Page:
Nothing would seem to be more "green" than exercise, which gives off sweat and smell but not pollution. But if you get your cardio on a machine, you're not completely eco-clean unless you use one that doesn't plug into a wall socket, which is at least partially powered by fossil-fuel-burning power plants. Aside from a few categories -- rowing machines, spinning bikes and some high-end self-generating exer-bikes -- there have been no other electricity-free treadmills and ellipticals available until just a few months ago. Here's the first look at the workout world's newest green machines.
Woodway SpeedBoard: The planet's first gym-quality non-motorized treadmill. It features a radical curved shape and a running belt made of 60 individual rubber slats, which move on a low-friction ball-bearing track rather than a conventional continuous fabric belt.
Likes: A unique physical and mental challenge unlike any other tread. At first, you're tentatively searching for your sweet spot, surging up the slope to increase your speed and backing off to the flats to slow down. Soon, with no buttons to push or motorized belt enforcing a pace, I found myself instantly exploding into all-out intervals to test my limits. Quite shock-absorbing, with a long 67-inch belt, but it's a foot shorter than other treads. It forces you to run with correct form, with a forefoot landing and no heel striking. Heart-rate strap included. Good electric-bill savings given that normal treads are the only aerobic machines with large drive motors.
Dislikes: Twice the price of a great conventional motorized treadmill. The console readouts, which include time, speed, calories, pulse and mileage, are too small.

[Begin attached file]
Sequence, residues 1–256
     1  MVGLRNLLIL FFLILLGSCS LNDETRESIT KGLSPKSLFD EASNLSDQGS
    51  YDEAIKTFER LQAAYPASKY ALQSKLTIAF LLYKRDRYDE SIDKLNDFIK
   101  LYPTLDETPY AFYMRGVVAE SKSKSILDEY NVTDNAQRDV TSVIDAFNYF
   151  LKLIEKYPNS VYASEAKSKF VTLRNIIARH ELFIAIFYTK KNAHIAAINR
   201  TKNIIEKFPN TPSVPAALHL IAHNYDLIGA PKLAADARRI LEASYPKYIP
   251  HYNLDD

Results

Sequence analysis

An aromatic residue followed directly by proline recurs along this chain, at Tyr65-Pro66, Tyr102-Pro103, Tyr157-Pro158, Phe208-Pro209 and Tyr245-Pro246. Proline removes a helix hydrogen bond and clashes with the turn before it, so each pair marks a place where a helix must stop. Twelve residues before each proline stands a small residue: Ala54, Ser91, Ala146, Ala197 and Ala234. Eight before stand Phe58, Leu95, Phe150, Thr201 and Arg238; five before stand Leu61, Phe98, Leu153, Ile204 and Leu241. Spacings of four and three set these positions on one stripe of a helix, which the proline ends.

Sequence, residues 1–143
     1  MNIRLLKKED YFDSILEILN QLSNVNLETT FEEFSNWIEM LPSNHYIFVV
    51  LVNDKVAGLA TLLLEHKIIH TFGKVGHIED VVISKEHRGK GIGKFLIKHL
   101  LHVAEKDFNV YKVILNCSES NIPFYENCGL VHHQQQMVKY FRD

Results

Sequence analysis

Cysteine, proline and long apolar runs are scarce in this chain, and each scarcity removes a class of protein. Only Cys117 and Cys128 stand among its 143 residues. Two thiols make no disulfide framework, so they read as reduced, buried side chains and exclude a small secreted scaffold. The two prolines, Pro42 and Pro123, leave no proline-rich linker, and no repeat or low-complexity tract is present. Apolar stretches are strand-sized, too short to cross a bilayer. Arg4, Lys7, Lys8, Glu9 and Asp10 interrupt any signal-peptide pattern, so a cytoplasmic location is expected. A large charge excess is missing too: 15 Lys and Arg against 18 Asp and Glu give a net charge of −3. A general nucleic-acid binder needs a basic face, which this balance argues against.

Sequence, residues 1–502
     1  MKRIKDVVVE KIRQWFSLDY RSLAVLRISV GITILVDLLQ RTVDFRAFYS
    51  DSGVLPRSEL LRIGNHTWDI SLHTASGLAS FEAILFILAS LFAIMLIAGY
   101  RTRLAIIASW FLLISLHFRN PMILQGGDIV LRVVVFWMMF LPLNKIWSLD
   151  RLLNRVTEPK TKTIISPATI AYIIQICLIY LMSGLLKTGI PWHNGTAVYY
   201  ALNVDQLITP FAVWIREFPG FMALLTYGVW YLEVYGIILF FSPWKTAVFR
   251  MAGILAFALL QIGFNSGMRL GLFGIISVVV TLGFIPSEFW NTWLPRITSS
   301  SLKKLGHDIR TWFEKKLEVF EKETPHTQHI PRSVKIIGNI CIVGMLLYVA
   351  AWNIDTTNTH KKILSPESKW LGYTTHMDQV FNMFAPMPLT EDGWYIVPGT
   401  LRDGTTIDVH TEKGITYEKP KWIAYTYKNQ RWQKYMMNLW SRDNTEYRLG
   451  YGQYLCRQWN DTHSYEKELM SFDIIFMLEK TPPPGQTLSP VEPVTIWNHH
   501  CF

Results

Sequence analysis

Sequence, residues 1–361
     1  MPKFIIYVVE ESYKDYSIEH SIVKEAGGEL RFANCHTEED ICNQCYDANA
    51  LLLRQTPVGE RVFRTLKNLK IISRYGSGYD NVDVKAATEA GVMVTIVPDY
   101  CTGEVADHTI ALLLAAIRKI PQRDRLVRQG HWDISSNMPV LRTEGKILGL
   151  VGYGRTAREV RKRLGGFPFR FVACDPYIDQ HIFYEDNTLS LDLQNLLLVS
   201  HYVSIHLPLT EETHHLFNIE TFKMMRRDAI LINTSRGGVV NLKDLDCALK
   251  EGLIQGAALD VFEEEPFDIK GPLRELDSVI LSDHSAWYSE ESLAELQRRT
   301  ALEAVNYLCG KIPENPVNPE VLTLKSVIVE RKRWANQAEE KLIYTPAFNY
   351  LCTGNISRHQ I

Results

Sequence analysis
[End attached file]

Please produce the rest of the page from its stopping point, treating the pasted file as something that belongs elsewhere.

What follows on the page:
Price: $5,500. (800) 966-3929; www.woodway.com.
Spirit e-Glide: Plug-free elliptical with resistance twist dial.
Likes: Superb natural feel. With its burly steel frame, 20-inch stride length and well-positioned push-pull bars, it has a classic, solid, satisfying health-club feel. Includes a quietly pleasant whir from the 30-pound spinning flywheel and a bicycle-type hand brake to help you slow it down for a quick, safe dismount. Numerical feedback includes time, rpm, distance and heart rate.
Dislikes: Requires 2 AA batteries to power the console, which lacks some standard feedback expectations, including a calorie counter and a third mileage digit (i.e., it displays 2.3 miles, not 2.30). Does not come with a heart-rate chest strap, but the monitor will display readings from any Polar unit.
Price: $2,499. (800) 258-4555; www.spiritfitness.com.
Schussing the fat away
Body Flex Body Glide 2000 ski-skate machine: Aerobic machine with a side-to-side motion.
Likes: Good workout for hips, butt, thighs and core. Simulates the motion and body position of skiing and speed skating. At fullest range of motion, I felt like I was digging in my edges on a sweeping downhill. It has an enjoyable, fluid, solid motion that lets you get into a groove and work out for a long time. Includes a manual dial with eight levels of resistance; smooth, solid-feeling magnetic resistance system; and built-in heart-rate sensors on the handrails. You can alter the workout by squatting or mounting the foot plates backward. Includes workout DVD. Hand-contact heart rate. Simple console includes time, speed, distance, calories, odometer and rpm. Great price.
Dislikes: Currently available only through Amazon.com; no store retailers.
Price: $599. (888) 266-6789; www.bodyflexsports.com.
Matrix Johnny G. Krankcycle: Sleek upper-body, chain-driven, hand-crank machine designed by fitness icon Johnny G, the founder of Spinning.
Likes: Great upper-body, core strength and aerobic workout. The independent crank arms let you work each arm individually or together, forward and reverse. Removable seat for wheelchair access. You can work it sitting or standing for a different effect. Instructional DVD optional ($129). Artistic design.
Dislikes: Seems pricey for a relatively simple machine.
Price: $1,995. (866) 693-4863; www.matrixfitness.com.
Roy M. Wallack is the author of "Run for Life" and co-author of "Bike for Life."Copyright © 2014, Los Angeles Times